On Saturday morning I went shopping at the fairly new and very big produce market in Saint-Aignan called Terre Y Fruits. It's not clear to me what the name means, but it is clear that the produce sold in the store is excellent. I hadn't been inside the shop or even at the open-air market in Saint-Aignan since February or March, and I went kind of crazy. Look at what I brought home — a load of local produce.
I had an idea, and the idea was to make couscous. So I was looking for aubergines (eggplant), tomatoes, celery, and turnips. We already had zucchini (courgettes) from this year's vegetable garden, and some carrots in the fridge. I also wanted lettuce, melons, shallots, and mushrooms. I let myself be tempted by a beautiful head of cauliflower, and now I have to figure out what to do with it. I'm thinking about oven-roasted cauliflower florets dressed with radish leaf pesto...
Above is the couscous as we had it for lunch yesterday. From the bottom right, going counterclockwise: The couscous vegetables cooked with spices in broth. The steamed couscous "grain" (a tiny pasta, actually) with re-hydrated raisins. A bowl of chickpeas (from a can) flavored with the couscous broth. And two meats that Walt cooked on the barbecue grill — turkey wings and chicken sausages flavored with merguez spices. The meats are why I call this a coucous à la volaille — couscous with poultry. (Often it also includes lamb...)
The vegetables cooked in the broth are carrots, turnips, eggplant, zucchini, green beans, tomatoes, onions, garlic, and artichoke hearts. The chickpeas are a garnish. The spices in the broth are the North African blend called ras el hanout — cumin, tumeric, paprika, cinnamon, fenugreek, fennel, curry, coriander seed, carraway, etc., all in powdered form.
Our local poultry processor and vendor makes very nice sausages with chicken, turkey, or duck, spiced with the couscous spices or just with piment d'espelette from Basque country, or just with onions and herbs. The turkey wings are now available at Super U, the Saint-Aignan supermarket.
This looks magnificent. No wonder you bought so much great looking produce. What a wonderful meal!ReplyDelete
As someone who almost craves raw vegetables, I'd have worked my way through a good part of that beautiful cauliflower while you contemplated how to cook it. That couscous looks marvelous.ReplyDelete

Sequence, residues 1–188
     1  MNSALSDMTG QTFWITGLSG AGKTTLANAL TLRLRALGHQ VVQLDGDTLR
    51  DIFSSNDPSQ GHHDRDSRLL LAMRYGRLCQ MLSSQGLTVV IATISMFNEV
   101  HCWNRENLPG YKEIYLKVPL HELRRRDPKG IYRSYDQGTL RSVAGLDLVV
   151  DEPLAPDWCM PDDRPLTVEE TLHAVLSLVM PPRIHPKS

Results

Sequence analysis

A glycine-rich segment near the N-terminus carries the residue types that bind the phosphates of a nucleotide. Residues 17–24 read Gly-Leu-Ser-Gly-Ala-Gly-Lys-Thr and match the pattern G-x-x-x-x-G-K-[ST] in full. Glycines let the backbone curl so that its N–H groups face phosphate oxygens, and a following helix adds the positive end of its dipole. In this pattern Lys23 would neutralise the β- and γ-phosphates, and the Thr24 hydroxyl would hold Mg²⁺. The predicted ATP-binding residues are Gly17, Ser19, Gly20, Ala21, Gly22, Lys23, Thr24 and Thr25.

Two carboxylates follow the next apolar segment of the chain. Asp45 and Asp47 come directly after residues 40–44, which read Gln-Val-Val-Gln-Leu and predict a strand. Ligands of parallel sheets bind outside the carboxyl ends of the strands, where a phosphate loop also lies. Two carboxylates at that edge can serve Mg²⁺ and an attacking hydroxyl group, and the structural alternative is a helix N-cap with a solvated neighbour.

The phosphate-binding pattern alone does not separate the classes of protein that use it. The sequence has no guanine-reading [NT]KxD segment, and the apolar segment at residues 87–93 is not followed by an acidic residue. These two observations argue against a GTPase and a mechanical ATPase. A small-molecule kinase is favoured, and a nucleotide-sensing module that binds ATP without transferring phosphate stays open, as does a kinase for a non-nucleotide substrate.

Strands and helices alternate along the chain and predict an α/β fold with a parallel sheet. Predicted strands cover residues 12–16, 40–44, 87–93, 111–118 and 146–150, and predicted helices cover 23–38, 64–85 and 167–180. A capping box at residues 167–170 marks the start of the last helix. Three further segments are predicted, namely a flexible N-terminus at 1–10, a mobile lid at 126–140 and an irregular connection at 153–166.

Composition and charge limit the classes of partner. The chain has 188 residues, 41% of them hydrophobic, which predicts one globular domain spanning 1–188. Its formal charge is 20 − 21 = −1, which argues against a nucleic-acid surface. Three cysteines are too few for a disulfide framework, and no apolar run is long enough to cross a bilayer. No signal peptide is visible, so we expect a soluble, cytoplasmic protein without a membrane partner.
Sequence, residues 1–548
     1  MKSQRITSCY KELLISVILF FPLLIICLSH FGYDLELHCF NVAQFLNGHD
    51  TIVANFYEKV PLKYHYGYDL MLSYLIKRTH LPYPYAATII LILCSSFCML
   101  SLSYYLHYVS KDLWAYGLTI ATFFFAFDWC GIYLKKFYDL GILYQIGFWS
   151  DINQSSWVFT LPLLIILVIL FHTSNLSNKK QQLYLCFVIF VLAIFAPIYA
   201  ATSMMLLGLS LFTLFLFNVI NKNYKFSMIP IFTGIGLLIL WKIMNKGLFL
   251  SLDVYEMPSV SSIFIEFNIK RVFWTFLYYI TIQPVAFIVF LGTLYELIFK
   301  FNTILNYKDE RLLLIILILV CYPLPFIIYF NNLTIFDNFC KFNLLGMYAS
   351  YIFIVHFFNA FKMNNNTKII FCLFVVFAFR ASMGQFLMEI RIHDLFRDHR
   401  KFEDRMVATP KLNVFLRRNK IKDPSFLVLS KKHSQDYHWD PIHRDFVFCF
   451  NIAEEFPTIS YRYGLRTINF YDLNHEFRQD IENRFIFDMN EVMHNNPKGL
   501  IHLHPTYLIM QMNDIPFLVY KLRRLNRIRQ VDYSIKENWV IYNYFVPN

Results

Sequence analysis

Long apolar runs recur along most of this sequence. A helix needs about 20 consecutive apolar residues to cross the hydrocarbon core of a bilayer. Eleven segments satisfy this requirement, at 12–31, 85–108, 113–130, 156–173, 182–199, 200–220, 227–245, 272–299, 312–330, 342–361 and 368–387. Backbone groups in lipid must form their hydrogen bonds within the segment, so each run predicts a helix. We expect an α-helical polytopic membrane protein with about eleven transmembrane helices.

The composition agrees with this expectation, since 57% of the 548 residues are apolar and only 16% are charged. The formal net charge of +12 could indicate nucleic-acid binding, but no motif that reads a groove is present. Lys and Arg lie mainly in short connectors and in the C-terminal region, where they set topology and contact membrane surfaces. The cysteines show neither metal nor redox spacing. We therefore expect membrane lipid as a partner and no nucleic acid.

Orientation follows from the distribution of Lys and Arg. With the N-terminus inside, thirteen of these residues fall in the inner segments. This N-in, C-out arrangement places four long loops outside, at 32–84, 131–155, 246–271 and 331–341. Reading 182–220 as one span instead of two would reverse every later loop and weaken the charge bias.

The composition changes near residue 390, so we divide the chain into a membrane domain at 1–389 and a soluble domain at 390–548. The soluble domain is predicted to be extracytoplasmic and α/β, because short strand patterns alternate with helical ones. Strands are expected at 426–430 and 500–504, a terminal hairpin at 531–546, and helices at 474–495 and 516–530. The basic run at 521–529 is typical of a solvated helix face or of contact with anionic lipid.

I ate a few florets of the cauliflower yesterday when I was cutting it up. It was delicious. But I went ahead and steamed it. We might eat it or at least some of it for lunch today, or tomorrow.Delete
Back again. Have you been able to get in touch with your sister? Probably not from the sound of the news. Let's hope all is well.ReplyDelete
I got an e-mail from my sister in N.C. this morning. She says there was only minor damage to trees there, and she and the rest of the family are fine.Delete
Wow, what a bounty from the Terre Y Fruits market. And, of course, marvelous job on that Couscous.ReplyDelete
I made pickled cauliflower following the instructions of Sara on Living Traditions Homestead on YouTube. Next time I will not use any apple cider vinegar because I'm put off by the discoloration of the cauliflower. Other than that, it's quite good.ReplyDelete
Would you use white wine vinegar instead? I steamed the cauliflower and I'm thinking about having it hot with pesto or cold with a home-made mayonnaise. Or a little of each.Delete
Yes, next time, white wine vinegar.Delete
Oh my, great looking produce and a delicious looking lunch! We had lamb with all those North African spices the other day and it’s such a wonderful flavor combination of spices, isn’t it?ReplyDelete
Yes, it's a great combination of spices, and it's good with chicken or lamb or veal.Delete
This comment has been removed by the author.Delete
With a chef in the house like you, Ken, who needs restaurants???ReplyDelete
Mary in Oregon
Walt and I hardly go to restaurants any more. It's more fun to shop for good food and then cook at home. And you end up having food that's at least as good as what you get in a restaurant for a lot less money.Delete